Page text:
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Group works to develop potential routes for ferry linking Tampa Bay area

Start with a stay at a St. Pete Beach resort. Take a ferry across Tampa Bay to the Channel District. Then maybe meander over to Ybor City. Then back across the bay to St. Petersburg for happy hour and a return to the beach.

"That's my ideal trip," said Mike Peterson, a member of the Apollo Beach Chamber of Commerce.

It could become a reality.

Peterson and about 15 others worked Thursday to develop potential routes for a ferry service linking the bay area.

Hillsborough County's Metropolitan Planning Organization, which is federally funded, paid $50,000 to Jacobs Engineering Group for the feasibility study, which is expected to be complete by the end of the year.

This is not the first time officials have looked into the idea of water travel. The Tampa Bay Area Regional Transportation Authority master plan from 2009 includes a possible ferry connecting downtown Tampa and downtown St. Petersburg.

The Hillsborough County Commission applied for and received a federal grant in 2008 for a demonstration water taxi service. But the county wants a more detailed plan.

"We have to complete this study before we can put our hands on that money," said Ned Baier, Hillsborough County's manager of transportation planning. "That's been the missing ingredient in these studies in the past. We really hope we will have a better feel for the cost."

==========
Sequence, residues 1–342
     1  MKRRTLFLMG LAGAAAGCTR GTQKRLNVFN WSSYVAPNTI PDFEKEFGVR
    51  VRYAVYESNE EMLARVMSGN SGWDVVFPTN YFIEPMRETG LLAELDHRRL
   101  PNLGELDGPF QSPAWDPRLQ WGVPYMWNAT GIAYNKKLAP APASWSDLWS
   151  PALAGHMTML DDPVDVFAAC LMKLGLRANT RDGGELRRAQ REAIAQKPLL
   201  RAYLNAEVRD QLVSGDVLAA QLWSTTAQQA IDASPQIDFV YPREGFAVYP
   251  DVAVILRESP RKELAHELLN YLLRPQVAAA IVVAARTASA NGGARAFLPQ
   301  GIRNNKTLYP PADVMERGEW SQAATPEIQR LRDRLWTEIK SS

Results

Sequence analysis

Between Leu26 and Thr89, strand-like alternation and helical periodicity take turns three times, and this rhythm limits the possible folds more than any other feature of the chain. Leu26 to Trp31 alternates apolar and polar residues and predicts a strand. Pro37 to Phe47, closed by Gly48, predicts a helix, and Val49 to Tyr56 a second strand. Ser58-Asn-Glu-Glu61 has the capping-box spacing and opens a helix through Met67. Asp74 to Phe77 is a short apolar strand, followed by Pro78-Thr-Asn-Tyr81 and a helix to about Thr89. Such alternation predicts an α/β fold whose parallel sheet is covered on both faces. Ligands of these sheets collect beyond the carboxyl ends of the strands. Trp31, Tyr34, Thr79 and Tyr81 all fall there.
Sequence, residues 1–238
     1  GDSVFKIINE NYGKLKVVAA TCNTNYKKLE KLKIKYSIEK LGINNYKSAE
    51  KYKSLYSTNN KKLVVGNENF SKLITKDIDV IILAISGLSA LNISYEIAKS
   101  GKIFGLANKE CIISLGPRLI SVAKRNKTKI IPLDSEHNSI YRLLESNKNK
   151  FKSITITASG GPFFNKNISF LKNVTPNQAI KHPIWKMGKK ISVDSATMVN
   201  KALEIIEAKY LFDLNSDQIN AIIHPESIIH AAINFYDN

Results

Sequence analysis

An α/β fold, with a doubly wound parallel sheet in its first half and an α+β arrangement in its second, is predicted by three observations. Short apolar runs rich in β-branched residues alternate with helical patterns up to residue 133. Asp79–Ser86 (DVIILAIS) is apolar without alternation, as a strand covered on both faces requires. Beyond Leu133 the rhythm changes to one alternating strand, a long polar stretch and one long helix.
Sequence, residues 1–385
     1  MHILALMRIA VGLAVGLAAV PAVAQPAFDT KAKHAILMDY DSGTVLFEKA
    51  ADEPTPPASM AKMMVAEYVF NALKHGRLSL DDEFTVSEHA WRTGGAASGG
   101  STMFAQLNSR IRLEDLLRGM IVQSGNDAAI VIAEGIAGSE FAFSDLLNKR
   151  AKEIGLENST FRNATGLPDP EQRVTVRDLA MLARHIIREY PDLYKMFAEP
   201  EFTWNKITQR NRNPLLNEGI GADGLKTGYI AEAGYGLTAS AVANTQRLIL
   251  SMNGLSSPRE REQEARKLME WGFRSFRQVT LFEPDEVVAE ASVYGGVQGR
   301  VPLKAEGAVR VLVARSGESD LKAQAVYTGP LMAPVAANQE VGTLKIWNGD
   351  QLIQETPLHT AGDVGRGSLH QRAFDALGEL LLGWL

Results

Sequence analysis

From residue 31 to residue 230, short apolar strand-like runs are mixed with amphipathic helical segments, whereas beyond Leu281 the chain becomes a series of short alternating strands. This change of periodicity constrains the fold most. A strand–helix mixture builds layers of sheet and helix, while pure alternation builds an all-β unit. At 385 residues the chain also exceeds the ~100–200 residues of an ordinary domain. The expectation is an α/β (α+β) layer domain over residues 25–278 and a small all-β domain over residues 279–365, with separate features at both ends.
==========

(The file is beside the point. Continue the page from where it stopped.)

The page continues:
Mike Williamson, who is working on the study for Jacobs Engineering, looked at public and privately funded water transportation across the country.

"The majority of them operate at a loss," he said at the meeting. "It does make sense in some locations, and it could make sense here."

The study will examine potential connections between Pinellas and Hillsborough counties, including downtown Tampa, Ruskin, Apollo Beach, Gibsonton, MacDill Air Force Base, Tampa's West Shore area, downtown St. Petersburg, Safety Harbor, Oldsmar and Fort De Soto Park.

A trip from downtown Tampa to downtown St. Petersburg over water is about 20 miles. At 20 knots, that could take at least an hour.

"I think it's a fabulous opportunity for tourism," said Karen Kress, director of transportation and planning for the Tampa Downtown Partnership. "I think the jury is still out for commuting."

Jared Leone can be reached at (813) 226-3435 or jleone@sptimes.com.

Group works to develop potential routes for ferry linking Tampa Bay area 08/19/10 [Last modified: Thursday, August 19, 2010 11:57pm]

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